My son asked if he could take one of the dogs for a walk on a recent Saturday afternoon. I said yes if he took Max, but no to Scout. Scout is very strong and an elopement risk. One look at freedom and he is gone for the hills. Max on the other hand is very docile and polite on a lead.

Caleb had not been on a solo walk with a dog before, and when I thought about it, he had not been on a solo walk without a dog before either. He and his sisters have a roughly defined area within sight of the front of the house where they are allowed to play on our quiet street. We are on an interior corner, not quite a cul-de-sac, so they have a pretty good range. But he is almost 9 and ready for a little more freedom in the neighborhood. “You may take Max around the block. Then stop by the house and tell me if you are going to put him back in the yard or take him out for another lap around the block.” He left, giddy with a new found freedom.

After ten or fifteen minutes, he popped his head back in and said he was back and would like to do another lap. I told him yes, tell me when you are back, and off he went.

Fifteen minutes passed. No Caleb.Twenty minutes. No Caleb.At twenty-five minutes, I got in the van to make a trip around the block. I was not really worried. I figured that he had gotten hot and tired and had sat down with Max under a tree, or perhaps that he had turned the wrong way and had gotten disoriented in our neighborhood where all the houses look alike.

I made a slow loop around the block. No Caleb.I stopped by the house where my husband said: No Caleb.Worry growing a bit, I turned into the neighborhood along his likely path. I made a slow search. No Caleb. The reasonable part of me was starting to lose the battle with the panicky part of me. I pulled back up to the house where my husband waved me back in- Caleb was home safe.

It turns out he had decided to walk to the park and had gotten turned around and disoriented. I stifled my urge to simultaneously hug him and kill him. Instead, I kept calm and asked him “Caleb, what happened?”

He explained that he had decided to try to find the park near our home. He had gotten turned around and didn’t know his way to the park or back home. “I was lost,” he admitted. “But I looked around and finally saw that old tree that we pass on the way home from school, so I followed that path home.”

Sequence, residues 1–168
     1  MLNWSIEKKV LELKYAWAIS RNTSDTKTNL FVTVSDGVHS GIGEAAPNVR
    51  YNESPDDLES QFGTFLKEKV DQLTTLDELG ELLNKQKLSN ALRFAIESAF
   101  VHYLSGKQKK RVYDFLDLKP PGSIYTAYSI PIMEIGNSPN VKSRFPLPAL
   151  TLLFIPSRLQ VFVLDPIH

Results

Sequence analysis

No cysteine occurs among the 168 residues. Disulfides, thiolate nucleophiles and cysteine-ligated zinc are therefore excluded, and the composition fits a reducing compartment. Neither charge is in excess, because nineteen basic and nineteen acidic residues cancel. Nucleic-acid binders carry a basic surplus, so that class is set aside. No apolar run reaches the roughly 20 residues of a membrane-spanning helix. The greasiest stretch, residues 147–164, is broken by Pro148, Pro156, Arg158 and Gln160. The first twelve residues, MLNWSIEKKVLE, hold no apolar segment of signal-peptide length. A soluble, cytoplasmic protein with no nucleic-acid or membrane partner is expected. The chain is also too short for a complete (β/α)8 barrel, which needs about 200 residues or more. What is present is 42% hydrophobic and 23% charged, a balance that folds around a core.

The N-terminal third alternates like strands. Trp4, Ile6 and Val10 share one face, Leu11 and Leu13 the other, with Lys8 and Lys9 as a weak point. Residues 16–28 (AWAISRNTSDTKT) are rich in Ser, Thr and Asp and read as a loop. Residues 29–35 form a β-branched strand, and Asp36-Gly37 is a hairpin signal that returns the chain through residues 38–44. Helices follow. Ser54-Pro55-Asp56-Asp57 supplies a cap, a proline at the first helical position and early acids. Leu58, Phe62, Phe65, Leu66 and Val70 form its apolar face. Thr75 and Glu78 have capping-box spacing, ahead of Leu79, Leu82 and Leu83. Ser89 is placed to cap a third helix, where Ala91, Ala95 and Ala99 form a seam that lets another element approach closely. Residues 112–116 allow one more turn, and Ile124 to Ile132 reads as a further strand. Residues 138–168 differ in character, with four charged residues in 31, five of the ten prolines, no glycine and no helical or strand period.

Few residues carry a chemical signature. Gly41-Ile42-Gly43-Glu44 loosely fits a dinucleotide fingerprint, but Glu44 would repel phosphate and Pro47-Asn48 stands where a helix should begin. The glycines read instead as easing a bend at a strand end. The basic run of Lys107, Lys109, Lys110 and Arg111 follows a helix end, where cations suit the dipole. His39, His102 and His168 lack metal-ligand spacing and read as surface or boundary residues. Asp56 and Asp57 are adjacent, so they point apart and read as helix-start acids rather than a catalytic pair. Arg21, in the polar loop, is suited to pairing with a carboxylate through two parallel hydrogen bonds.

I reminded him that I had limited him to walking around the block and asked him why he thought I had limited his walk …. did he think I was I trying to ruin his fun? He thought about it and said “You didn’t want me to get lost.” Bingo. Close boundaries first, then expanded as you display responsibility, son.

Then I asked him how he felt when he realized he was lost. For the first time, the lower lip quavered a bit. “Well, I wasn’t sure what to do, so I stopped and prayed, then started looking for something familiar. That’s when I saw the dead tree we pass on the way home.”

“That was really smart, son. And Caleb,” I said, “where was mom when you got back home?”

More lip quavering, ever so slight. “Out trying to find me.”

“That’s right, son. I will always be looking for you when you need me to. That’s my job as your parent.”

One of the amazing things about being a parent is the perspective that it gives me on God’s relationship with me. I love my children and work hard to be a good parent. I don’t always do a good job. God on the other hand is the perfect parent to me.

“Only go around the block.”–God gives us boundaries for a reason. He tells us “no” for a reason. It is not to deprive us from fun or good things, but rather to keep us safe, and to keep us close to Him. To keep us from getting lost.  But from everlasting to everlasting the Lord’s love is with those who fear him, and his righteousness with their children’s children- with those who keep His covenant and remember to obey his precepts. Ps 103:17-18

“Check in with me after you do a lap.”–The best time to check in with God is all the time. Not just when you find yourself in need of help. Don’t wait until you have gotten yourself lost. Instead, check in with God all the time. Remain in Him.  Remain in me, as I remain in you.  No branch can bear fruit by itself; it must remain in the vine.  Neither can you bear fruit unless you remain in me.  Jn 15:4

“I wasn’t sure what to do, so I stopped and prayed, then looked for something familiar.”–This is not just a good plan for when you get lost when out for a walk with the dog; this is good advice for life. Lost your way? Not sure where to turn or what to trust? Call on God. And turn to what you know to be true; trust in what you know you can trust.  Answer me when I call to you, my righteous God.  Give me relief from my distress; have mercy on me and hear my prayer. Ps 4:1

“I will always be looking for you when you need me to. That’s my job as a parent.” I cannot physically be with my children at all times. But as a parent, I can make a promise to my child that I will always come for them, I will always look for them, I will always do my best to protect them, even when they feel isolated from me. I cannot fulfill this promise perfectly- I am human. God the perfect parent does fulfill this perfectly.  “Be strong and corageous.  Do not be afraid or terrified because of them, for the LORD your God goes with you; he will never leave you nor forsake you.” Deut 31:6

As you wander this world you will doubtless spend some time “lost”.  Call out to your Father.  He is waiting to lead you home.


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